The CGIAR Collaborative Platform for Gender Research hosted the webinar ‘Typologies of change – Making sense of gender integration in agriculture and food security research‘ on Tuesday April 16 (3.00-4.30pm CET). The webinar was organized in collaboration with the International Development Research Centre (IDRC) and KIT Royal Tropical Institute.
Presentation and webinar recording
The webinar recording is available here (type the password: qMgPfwR3)
The Canadian International Food Security Research Fund (CIFSRF) was a CAD$124.5 million research for development program implemented from 2009-2018 by Canada’s International Development Research Centre (IDRC) and Global Affairs Canada. CIFSRF projects were funded in 24 countries and involved 20 Canadian and 40 Southern partner organizations.
The program’s aim was to improve food security and nutrition through applied, collaborative, results-oriented research that informs development practice.
In order to clarify how gender can be integrated into agriculture research for development (AR4D) and how AR4D can contribute to gender transformative change, in 2017, IDRC commissioned KIT Royal Tropical Institute to carry out a gender synthesis of CIFSRF-funded projects.
KIT approached the synthesis by developing typologies from a bottom-up perspective. Categories of gender integration strategies and gender outcomes and their interrelationships were not predefined. They were built inductively from existing project data and used as building blocks for the gender synthesis’s analytical framework. This framework consisted of (1) a gender integration typology and (2) a gender outcomes typology.
Purpose of the webinar
During the webinar, the discussants highlighted key features of this framework and presented key findings of the gender synthesis.
Katrine Danielsen is a gender equality and social justice advisor at KIT Royal Tropical Institute in Amsterdam. Her expertise is at the nexus of gender, agriculture and natural resources management in different geographies and in different thematic areas including food and nutrition security, crop agriculture, livestock husbandry, community forestry, energy access, and mining. Much of her work is situated at the interfaces between policy, research and practice such as her work on gender integration and gender transformative approaches in AR4D.
Dr Franz Wong is a senior social development and gender equity advisor at KIT Royal Tropical Institute. He leads gender research and capacity strengthening initiatives at KIT and has been a senior team member for a number of applied research and capacity strengthening projects, including various gender-related assessments. Franz is a trained social scientist. He has supported different development organizations and projects in a variety of social and economic development areas including agriculture research, sustainable livelihoods, and the elimination of violence against women.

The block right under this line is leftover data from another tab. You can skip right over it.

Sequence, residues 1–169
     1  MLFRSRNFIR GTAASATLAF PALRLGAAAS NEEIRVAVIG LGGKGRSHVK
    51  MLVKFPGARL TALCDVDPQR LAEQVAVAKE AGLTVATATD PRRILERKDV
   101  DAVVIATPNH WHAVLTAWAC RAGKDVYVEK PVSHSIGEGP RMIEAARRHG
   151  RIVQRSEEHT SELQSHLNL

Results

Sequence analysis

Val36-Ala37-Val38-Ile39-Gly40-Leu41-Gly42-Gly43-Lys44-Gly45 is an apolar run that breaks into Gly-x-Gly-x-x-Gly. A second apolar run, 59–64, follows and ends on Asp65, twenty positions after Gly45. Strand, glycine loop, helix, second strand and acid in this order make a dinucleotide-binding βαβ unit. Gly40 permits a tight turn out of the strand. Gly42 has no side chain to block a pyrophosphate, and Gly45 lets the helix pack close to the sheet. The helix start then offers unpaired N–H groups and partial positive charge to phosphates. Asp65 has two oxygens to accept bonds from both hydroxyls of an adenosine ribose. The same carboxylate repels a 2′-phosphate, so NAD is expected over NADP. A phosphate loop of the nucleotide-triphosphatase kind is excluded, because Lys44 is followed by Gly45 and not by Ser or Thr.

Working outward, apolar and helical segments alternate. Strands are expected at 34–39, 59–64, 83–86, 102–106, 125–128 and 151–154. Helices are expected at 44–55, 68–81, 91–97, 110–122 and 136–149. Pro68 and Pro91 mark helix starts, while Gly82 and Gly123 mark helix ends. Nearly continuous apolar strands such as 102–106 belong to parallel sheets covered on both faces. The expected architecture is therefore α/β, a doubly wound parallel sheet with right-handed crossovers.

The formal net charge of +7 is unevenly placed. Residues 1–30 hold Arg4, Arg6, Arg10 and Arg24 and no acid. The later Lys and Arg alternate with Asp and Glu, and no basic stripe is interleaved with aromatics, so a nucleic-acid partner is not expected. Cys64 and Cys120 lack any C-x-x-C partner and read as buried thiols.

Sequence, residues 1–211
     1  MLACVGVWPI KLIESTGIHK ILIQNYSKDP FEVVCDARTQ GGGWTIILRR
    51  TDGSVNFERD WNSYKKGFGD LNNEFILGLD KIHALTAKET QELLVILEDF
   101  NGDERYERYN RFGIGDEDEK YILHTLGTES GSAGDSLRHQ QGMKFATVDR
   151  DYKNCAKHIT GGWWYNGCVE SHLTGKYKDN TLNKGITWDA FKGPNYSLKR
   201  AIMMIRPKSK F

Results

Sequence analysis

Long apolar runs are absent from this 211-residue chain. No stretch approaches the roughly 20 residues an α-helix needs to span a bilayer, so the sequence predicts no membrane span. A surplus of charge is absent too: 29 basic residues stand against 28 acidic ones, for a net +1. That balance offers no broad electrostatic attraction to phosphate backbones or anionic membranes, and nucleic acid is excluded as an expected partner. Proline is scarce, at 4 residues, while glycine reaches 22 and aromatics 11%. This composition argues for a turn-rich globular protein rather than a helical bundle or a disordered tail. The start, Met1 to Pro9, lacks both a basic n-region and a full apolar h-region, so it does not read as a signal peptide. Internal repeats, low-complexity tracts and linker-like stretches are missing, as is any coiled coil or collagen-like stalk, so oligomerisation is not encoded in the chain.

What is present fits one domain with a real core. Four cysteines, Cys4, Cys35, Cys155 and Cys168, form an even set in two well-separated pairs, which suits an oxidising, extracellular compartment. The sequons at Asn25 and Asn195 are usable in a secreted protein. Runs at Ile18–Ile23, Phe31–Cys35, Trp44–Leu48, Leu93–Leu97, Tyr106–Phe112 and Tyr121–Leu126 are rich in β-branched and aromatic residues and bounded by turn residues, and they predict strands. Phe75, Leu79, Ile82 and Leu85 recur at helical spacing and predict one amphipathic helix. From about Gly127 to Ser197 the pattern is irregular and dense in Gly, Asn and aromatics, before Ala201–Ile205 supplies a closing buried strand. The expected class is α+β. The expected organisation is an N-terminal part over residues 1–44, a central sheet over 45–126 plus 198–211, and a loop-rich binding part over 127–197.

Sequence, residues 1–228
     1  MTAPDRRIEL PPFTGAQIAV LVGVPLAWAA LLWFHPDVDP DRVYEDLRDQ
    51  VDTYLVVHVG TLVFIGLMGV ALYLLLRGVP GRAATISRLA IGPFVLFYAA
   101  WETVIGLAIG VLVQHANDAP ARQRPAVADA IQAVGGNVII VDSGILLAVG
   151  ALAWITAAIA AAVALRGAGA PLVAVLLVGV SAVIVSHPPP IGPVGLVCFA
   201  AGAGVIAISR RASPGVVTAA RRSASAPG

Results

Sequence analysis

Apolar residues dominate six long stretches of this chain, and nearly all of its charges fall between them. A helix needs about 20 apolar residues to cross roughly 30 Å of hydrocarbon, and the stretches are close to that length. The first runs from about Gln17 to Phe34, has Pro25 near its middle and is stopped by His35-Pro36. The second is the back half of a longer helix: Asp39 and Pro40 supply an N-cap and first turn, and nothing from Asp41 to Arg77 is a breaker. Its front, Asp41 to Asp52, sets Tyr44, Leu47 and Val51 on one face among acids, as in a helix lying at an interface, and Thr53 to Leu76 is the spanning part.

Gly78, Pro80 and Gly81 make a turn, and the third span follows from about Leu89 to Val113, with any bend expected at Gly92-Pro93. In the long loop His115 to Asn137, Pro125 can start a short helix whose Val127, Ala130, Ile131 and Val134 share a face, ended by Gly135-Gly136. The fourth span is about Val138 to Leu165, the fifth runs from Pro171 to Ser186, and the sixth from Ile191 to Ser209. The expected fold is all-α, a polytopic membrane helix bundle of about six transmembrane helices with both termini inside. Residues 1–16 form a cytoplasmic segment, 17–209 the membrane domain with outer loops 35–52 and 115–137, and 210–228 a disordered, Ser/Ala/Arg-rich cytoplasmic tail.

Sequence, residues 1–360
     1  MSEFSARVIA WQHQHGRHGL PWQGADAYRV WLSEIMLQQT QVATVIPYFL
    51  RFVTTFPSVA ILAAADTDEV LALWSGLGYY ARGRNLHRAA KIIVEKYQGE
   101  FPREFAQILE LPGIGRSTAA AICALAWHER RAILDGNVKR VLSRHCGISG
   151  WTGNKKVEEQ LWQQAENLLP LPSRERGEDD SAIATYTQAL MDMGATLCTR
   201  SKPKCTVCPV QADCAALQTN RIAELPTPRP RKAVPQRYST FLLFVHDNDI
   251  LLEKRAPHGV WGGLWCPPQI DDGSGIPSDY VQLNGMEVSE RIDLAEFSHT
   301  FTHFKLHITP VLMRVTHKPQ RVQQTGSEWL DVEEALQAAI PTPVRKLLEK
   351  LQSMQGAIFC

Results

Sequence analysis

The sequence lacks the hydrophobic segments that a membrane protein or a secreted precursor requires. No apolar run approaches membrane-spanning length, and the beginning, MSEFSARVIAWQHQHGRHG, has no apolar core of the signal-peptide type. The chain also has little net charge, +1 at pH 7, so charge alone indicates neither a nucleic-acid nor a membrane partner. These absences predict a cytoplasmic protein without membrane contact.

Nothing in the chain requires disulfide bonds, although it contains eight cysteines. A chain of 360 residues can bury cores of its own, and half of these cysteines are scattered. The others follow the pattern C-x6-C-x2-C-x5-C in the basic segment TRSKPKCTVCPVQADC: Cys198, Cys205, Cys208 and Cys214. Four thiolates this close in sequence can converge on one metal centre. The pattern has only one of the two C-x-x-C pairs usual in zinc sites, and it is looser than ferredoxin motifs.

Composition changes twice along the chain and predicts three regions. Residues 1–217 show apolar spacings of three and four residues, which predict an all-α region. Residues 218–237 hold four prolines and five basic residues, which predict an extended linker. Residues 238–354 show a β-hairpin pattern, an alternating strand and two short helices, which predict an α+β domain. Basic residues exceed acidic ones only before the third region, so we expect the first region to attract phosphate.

Dr Silvia Sarapura is senior advisor at KIT Royal Tropical Institute. She is an interdisciplinary professional with experience in research, teaching and programming in gender and agriculture in the Global South including South East Asia, Africa and Latin America. The emphasis of her work has been in the areas of sustainable development, people centered development and gender programming as well as policy and North-South partnerships.
Dr Jemimah Njuki is a Senior Program Specialist at Canada’s International Development Research Centre (IDRC) where she develops and manages projects on the empowerment of women and girls working in agriculture and on agriculture and food security. She chairs the Steering Committee of the African Women in Agriculture Research and Development, a program empowering women researchers to develop their scientific and leadership skills. She is also an advisor to the UN Women Regional Office for Eastern and Southern Africa. For the last 18 years she has carried out gender research, managed women’s economic empowerment programs in Africa and Asia, trained researchers, NGO staff and extension officers on how to integrate gender in their work and to work with women smallholder farmers. She has worked in various countries including Kenya, Uganda, Tanzania, Zambia, Zimbabwe, Malawi, Mozambique, Ghana, the Gambia, Mali, Senegal, Guinea, Tanzania, Rwanda, Burundi, DR Congo, India, Bangladesh, Canada and the US.
From 2003 to 2009, she worked at the International Centre for Tropical Agriculture linking smallholder farmers to markets, training men and women on good agricultural practices and working with men to support women’s empowerment through community dialogue and engaging male champions of change. During this time, she trained over 500 researchers, practitioners and extension agents on approaches for empowering women smallholder producers. In 2009, she started the first ever gender research program at the International Livestock Research Institute in recognition of the role that livestock plays as an asset for women. In 2012, the started and managed the Women in Agriculture Program at CARE USA working with over 50,000 smallholder women farmers in Africa and Asia. She has co-edited two books. ‘Women and livestock in Eastern and Southern Africa’, and the other on ‘Transforming Gender and Food Systems in the Global South’. She has also published widely in international journals. In 2015, she founded and is the current Editor in Chief of the Journal of Gender, Agriculture and Food Security. The journal aims to improve the quality of gender research and encourage researchers from global south to contribute to scientific leadership on issues of gender and women’s empowerment in the agriculture sector. She is an Aspen New Voices 2017 Fellow. Her articles including where they have been published can be found on https://medium.com/me/stories/public